One Saturday evening Karen and I had finished our chores and were just starting to crack open our Sunday School lesson on the miracles Jesus used to enjoy working when the phone rang.
Mom answered it.
“Oh dear,” we heard her say.“How bad is he? . . . Is he, uh, in the back room? . . .Waldo’s not well, and I just don’t know what to do . . . Okay, I’ll send somebody right over . . .Thanks.”
Karen and I gave each other looks.We knew what was going on.We knew Grandpa Unruh was down at Boswell’s and that he’d been drinking. We also knew Dad couldn’t go get him because he was sick in bed from having a whole mouthful of teeth yanked out by a Pocatello dentist who’d lost count because he was loaded with whiskey and was one of those kinds of dentists who gets a kick out of hearing himself talk when he has his fingers in your mouth, so Dad couldn’t tell him to stop after the first half a dozen teeth. The only thing we didn’t know was who’d have to go pick up Grandpa.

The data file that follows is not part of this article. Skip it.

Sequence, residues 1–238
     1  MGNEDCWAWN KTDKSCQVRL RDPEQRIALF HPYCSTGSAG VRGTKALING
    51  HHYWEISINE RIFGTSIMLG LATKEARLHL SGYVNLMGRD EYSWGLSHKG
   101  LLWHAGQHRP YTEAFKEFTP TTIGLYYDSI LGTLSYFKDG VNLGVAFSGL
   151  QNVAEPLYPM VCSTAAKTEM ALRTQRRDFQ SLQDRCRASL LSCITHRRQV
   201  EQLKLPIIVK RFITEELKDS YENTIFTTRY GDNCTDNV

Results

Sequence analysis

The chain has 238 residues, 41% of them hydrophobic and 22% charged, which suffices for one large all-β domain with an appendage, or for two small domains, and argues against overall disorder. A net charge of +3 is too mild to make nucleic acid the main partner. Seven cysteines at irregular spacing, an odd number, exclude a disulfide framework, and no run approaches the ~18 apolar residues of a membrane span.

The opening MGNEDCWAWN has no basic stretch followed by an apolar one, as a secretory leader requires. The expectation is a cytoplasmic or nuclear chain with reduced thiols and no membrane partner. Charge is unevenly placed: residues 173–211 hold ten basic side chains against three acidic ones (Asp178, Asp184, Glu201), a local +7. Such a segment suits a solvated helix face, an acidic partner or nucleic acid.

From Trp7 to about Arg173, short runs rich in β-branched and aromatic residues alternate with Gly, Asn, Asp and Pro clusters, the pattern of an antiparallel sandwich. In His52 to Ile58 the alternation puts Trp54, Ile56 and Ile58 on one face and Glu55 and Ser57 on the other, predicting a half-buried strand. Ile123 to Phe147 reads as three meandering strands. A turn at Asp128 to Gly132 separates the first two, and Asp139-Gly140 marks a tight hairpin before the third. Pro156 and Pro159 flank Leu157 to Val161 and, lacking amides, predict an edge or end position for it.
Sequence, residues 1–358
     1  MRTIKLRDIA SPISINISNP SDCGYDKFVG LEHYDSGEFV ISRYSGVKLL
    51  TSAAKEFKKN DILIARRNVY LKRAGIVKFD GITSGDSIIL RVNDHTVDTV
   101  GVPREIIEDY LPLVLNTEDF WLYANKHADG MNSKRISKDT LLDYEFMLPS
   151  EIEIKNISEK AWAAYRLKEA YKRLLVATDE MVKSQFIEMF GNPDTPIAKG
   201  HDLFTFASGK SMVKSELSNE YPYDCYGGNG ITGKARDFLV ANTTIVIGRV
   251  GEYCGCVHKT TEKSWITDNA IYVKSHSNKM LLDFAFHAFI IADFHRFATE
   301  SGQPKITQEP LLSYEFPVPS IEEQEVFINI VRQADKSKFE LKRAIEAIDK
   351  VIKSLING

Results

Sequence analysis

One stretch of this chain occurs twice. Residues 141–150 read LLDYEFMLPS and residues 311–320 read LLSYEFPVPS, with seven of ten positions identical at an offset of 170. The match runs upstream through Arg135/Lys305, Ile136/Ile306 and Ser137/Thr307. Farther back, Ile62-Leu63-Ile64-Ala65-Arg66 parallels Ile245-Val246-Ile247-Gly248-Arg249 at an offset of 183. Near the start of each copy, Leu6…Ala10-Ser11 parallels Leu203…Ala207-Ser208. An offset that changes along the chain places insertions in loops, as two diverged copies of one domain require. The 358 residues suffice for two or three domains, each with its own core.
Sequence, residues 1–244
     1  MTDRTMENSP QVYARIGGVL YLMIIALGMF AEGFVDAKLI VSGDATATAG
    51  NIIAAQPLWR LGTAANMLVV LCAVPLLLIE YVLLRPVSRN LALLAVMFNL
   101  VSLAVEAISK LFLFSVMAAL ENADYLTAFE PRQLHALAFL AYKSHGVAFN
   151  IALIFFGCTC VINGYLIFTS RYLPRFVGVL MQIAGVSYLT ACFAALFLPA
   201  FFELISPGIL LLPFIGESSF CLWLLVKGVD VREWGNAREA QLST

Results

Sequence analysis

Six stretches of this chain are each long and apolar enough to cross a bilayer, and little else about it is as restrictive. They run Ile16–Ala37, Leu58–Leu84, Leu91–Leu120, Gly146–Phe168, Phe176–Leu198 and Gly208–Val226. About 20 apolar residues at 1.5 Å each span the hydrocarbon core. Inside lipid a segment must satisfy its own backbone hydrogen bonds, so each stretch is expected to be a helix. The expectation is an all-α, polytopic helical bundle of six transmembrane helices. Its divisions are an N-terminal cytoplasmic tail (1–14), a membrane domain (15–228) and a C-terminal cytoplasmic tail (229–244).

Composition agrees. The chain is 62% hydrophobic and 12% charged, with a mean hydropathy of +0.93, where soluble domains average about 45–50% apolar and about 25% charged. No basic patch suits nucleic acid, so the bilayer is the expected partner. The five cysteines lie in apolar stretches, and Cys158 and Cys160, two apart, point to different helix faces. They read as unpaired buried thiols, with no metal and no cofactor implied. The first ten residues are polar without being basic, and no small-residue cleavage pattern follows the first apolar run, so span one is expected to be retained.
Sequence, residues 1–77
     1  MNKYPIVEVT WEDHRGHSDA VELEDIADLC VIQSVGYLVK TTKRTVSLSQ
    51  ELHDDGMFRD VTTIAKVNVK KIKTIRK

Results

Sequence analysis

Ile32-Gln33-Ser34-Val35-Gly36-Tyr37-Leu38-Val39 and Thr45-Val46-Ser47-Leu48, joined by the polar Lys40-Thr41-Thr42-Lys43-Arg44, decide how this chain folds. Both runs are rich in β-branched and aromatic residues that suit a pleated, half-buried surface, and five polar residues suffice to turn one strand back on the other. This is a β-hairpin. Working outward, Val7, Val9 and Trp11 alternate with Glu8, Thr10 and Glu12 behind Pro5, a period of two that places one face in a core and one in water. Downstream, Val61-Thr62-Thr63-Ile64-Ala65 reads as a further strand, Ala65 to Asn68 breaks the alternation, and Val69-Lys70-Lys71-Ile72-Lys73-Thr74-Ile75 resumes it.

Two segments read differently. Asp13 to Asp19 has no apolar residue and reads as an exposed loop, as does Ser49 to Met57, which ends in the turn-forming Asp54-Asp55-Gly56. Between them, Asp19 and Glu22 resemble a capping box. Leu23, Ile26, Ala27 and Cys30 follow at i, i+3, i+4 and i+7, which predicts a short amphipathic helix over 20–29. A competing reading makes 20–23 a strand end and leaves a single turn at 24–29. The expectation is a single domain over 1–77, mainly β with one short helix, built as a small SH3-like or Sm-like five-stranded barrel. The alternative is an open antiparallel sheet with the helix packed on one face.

We didn’t have to wait long to find out.
“John,” said Mom, “I have a job for you.”
“I nominate Karen,” I said.
“You don’t even know what I’m going to ask you to do.”
“How do you know I don’t know? You think I’m stupid or something?” I was eleven going on twelve and waaay past the stupid stage.